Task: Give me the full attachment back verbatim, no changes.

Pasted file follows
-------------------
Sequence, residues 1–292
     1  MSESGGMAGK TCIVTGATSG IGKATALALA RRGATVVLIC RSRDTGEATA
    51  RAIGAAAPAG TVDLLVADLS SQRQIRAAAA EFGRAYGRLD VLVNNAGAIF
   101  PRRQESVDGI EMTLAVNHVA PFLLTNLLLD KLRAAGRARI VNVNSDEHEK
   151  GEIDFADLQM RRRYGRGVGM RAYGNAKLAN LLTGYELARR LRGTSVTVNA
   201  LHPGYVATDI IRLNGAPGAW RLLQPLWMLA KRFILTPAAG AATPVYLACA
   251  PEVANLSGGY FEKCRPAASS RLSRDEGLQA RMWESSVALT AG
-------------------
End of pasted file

Sequence, residues 1–292
     1  MSESGGMAGK TCIVTGATSG IGKATALALA RRGATVVLIC RSRDTGEATA
    51  RAIGAAAPAG TVDLLVADLS SQRQIRAAAA EFGRAYGRLD VLVNNAGAIF
   101  PRRQESVDGI EMTLAVNHVA PFLLTNLLLD KLRAAGRARI VNVNSDEHEK
   151  GEIDFADLQM RRRYGRGVGM RAYGNAKLAN LLTGYELARR LRGTSVTVNA
   201  LHPGYVATDI IRLNGAPGAW RLLQPLWMLA KRFILTPAAG AATPVYLACA
   251  PEVANLSGGY FEKCRPAASS RLSRDEGLQA RMWESSVALT AG